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University of Wisconsin-Madison

Vaccines on Wheels

Lance Moran, dressed in PPE, knocking on a patient's door.
Lance Moran (BS '88, MS '91), founder of Vaccine Mobile.

School of Pharmacy alumnus vaccinates mobility-challenged populations through new startup

By Mary Magnuson

For Wisconsin-based pharmacist and University of Wisconsin–Madison School of Pharmacy alumnus Lance Moran (BS ’88, MS ’91), his career has always been about serving disadvantaged patients.

A serial entrepreneur, Moran launched his latest venture this summer in Madison, Wis. Through his new program, called Vaccine Mobile, Moran vaccinates community members under Medicare who are in assisted living facilities or in their own homes, when leaving can be difficult or dangerous. As the COVID-19 pandemic has swept Wisconsin, Moran’s new business is poised to be even more essential.

“Access and mobility are the major hurdles for a lot of people in the population that I’m serving, and these people are so thankful,” Moran says. “It’s been very rewarding. It might be the most feel-good thing I’ve ever done in my life.”

The launch

Moran had the idea for Vaccine Mobile while brainstorming ideas to increase vaccine accessibility.

“In January, I thought it would be nice to have some way for people to be able to receive vaccinations outside of the normal scope of pharmacy,” Moran says. After some research, Moran determined that targeting the Medicare population would be the best place to start, considering those patients’ needs and the mechanisms of reimbursement Medicare has for pharmacists.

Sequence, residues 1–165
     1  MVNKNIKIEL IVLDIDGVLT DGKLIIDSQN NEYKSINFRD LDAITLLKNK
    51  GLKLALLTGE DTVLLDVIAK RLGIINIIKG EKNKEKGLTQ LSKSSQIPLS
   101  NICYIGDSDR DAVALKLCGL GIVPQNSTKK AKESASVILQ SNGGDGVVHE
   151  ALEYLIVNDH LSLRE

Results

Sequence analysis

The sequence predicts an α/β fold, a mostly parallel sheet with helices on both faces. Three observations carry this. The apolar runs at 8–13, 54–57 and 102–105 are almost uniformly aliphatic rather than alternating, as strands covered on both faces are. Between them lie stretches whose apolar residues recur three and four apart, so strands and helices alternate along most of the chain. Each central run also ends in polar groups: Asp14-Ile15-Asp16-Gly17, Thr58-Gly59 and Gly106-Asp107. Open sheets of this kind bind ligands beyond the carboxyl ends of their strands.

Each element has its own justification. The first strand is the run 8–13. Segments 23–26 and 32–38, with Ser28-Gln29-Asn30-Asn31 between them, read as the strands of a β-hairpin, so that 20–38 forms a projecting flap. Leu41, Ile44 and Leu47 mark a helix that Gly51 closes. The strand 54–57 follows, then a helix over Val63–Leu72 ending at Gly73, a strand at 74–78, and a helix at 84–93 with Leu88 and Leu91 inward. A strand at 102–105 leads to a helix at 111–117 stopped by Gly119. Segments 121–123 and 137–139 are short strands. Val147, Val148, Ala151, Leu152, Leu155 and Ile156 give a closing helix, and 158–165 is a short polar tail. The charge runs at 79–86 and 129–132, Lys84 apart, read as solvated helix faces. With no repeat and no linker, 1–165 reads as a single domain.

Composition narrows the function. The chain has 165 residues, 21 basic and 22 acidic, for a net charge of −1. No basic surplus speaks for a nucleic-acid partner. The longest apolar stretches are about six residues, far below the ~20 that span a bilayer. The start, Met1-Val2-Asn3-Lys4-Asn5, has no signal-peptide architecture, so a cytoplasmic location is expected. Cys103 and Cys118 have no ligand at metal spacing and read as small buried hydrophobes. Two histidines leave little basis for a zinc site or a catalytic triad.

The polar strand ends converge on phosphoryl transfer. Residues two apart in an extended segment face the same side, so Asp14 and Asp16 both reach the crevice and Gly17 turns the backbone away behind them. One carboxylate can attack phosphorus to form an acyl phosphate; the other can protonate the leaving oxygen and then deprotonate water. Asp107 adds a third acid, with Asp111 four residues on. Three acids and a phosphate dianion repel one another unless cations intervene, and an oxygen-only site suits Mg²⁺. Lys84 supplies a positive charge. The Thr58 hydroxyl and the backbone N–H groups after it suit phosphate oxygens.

Moran set up a website for potential customers in the Dane County area to reserve their spot and select which vaccine(s) they’d like to receive. Then, Moran or his business partner will drive over and administer the injections, dressed in full personal protective equipment.

“It’s been very rewarding. It might be the most feel-good thing I’ve ever done in my life.”
—Lance Moran

Currently, Vaccine Mobile is offering influenza and pneumococcal vaccines, which is what Moran can distribute under Medicare. Because of restrictions in service reimbursements for pharmacists, he can only bill through Medicare, or through cash in some circumstances, which limits his customer base, but he’s working to change that. He’s begun to enter contracts with third-party payers and insurers through the Medicare Advantage plan, such as Humana, Cigna, and United, as well as Madison-area insurers Unity and Dean Health Plan.

Moran says he’s gone as far as Janesville to provide a flu vaccination, and he’s willing to expand his radius farther as his number of clients increases. One day, he says he hopes to implement Vaccine Mobile franchises across the state, or even the country.

In the six weeks that Vaccine Mobile has been up and running, Moran says he’s vaccinated over 100 people for the flu. And when the COVID-19 vaccine comes out, likely sometime in 2021, Moran says he already has his certification to administer that vaccine through Medicare as well.

“For people who typically have more difficulty getting out and about, people with complex diseases like multiple sclerosis or cerebral palsy and are in their homes, bedridden with caregivers 24/7, this service is essential,” Moran says.

Traversing speed bumps

The biggest challenge in launching the business, Moran says, came from pharmacists’ exclusion from provider status. To get the necessary registration and licensing to administer vaccines, Moran had to register his business as a pharmacy clinic, like you might see in Target or Walgreens, instead of registering as an individual pharmacist.

Lance Moran
Lance Moran (BS ’88, MS ’91)